Your Smithsonian at work.
The Smithsonian Institution was established by an act of Congress in 1846 as an independent federal trust instrumentality, a unique public-private partnership that has proven its value as a cultural and scientific resource for more than 170 years. The federal commitment provides the foundation for all we do, and is especially helpful in attracting private support. We leverage our federal funding to enrich the lives of the American people and advance our mission for “the increase and diffusion of knowledge.”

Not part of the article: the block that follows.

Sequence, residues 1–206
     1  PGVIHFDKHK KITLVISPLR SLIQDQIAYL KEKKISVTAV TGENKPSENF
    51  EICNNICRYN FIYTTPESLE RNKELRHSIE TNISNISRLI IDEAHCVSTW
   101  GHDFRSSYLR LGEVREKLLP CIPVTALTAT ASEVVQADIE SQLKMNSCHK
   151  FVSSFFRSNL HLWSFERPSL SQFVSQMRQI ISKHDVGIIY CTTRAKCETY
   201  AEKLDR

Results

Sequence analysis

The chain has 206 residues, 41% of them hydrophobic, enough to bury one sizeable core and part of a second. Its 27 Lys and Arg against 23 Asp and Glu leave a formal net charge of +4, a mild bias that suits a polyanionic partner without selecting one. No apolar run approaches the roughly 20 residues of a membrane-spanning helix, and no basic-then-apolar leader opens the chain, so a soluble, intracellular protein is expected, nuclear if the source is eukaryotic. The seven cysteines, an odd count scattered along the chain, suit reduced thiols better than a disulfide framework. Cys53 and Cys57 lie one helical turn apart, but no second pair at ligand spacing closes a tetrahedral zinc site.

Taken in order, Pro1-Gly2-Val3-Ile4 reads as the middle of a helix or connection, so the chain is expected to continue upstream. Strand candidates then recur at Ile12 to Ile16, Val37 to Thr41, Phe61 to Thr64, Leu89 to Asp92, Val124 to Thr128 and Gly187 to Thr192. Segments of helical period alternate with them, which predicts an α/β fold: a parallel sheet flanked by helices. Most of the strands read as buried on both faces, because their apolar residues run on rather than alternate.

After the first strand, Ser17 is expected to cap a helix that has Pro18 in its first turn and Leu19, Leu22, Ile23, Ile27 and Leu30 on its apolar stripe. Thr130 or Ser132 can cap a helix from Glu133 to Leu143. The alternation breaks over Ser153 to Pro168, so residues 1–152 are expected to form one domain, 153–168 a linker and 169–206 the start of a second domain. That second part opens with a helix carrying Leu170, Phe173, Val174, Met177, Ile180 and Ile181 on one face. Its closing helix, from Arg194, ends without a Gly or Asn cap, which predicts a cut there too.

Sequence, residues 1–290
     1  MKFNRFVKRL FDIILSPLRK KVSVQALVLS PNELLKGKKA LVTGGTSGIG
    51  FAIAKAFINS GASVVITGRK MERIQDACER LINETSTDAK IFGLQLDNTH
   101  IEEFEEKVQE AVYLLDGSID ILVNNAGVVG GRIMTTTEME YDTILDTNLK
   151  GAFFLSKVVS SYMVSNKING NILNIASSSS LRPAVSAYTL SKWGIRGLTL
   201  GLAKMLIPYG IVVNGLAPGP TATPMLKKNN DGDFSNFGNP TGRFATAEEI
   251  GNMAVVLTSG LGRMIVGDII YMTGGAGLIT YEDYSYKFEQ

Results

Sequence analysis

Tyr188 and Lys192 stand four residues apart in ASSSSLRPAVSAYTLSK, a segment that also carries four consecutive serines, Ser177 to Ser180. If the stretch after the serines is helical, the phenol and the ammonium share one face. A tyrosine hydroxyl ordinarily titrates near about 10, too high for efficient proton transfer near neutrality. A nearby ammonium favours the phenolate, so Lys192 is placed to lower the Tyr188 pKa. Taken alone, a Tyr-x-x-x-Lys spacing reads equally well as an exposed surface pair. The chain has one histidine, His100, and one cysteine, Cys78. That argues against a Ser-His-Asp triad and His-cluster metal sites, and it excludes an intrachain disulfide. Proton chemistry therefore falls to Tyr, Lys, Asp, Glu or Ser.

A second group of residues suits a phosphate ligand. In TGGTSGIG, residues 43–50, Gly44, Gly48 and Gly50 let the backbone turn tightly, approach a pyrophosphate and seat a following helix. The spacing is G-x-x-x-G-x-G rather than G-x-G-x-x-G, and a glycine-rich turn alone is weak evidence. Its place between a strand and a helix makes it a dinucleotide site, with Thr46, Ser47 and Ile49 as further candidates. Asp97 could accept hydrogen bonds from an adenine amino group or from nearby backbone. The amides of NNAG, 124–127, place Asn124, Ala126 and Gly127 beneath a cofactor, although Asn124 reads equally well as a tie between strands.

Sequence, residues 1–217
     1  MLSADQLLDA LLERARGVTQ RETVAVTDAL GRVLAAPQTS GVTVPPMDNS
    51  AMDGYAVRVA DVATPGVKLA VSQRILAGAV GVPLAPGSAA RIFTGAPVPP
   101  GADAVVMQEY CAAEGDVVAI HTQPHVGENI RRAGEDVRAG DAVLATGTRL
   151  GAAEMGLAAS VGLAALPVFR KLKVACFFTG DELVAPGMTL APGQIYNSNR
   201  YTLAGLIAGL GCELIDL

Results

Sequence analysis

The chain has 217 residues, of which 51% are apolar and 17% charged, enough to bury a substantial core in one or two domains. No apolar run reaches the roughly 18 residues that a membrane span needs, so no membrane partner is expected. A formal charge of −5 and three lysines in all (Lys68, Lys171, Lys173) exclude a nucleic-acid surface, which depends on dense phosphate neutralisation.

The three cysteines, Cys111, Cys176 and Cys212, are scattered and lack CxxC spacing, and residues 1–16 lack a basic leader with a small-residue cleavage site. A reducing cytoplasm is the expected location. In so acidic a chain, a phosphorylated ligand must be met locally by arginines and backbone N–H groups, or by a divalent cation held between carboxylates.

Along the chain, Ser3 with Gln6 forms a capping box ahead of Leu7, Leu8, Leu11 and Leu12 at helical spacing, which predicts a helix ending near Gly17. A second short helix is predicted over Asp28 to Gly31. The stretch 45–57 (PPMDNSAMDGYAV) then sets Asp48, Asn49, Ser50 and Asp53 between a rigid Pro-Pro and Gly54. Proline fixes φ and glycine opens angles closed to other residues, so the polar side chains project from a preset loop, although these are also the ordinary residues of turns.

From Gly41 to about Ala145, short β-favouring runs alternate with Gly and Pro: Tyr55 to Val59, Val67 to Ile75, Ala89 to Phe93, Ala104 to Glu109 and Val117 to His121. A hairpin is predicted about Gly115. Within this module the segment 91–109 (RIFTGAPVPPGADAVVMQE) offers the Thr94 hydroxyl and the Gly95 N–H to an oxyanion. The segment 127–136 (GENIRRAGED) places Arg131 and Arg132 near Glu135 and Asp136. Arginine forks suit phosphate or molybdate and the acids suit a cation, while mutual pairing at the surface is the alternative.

Congress vested responsibility for the administration of the Smithsonian in a Board of Regents, consisting of the Chief Justice of the United States, the Vice President of the United States, three members of the United States Senate, three members of the United States House of Representatives, and nine citizens. The Board of Regents meets at least four times each year and typically convenes in the Regents Room.
The head of the Smithsonian is the Secretary, who is appointed by the Board of Regents. The Secretary oversees 21 museums, 21 libraries, the National Zoo, numerous research centers, and several education units and centers. Two new museums—the National Museum of the American Latino and the Smithsonian American Women’s History Museum—are in development.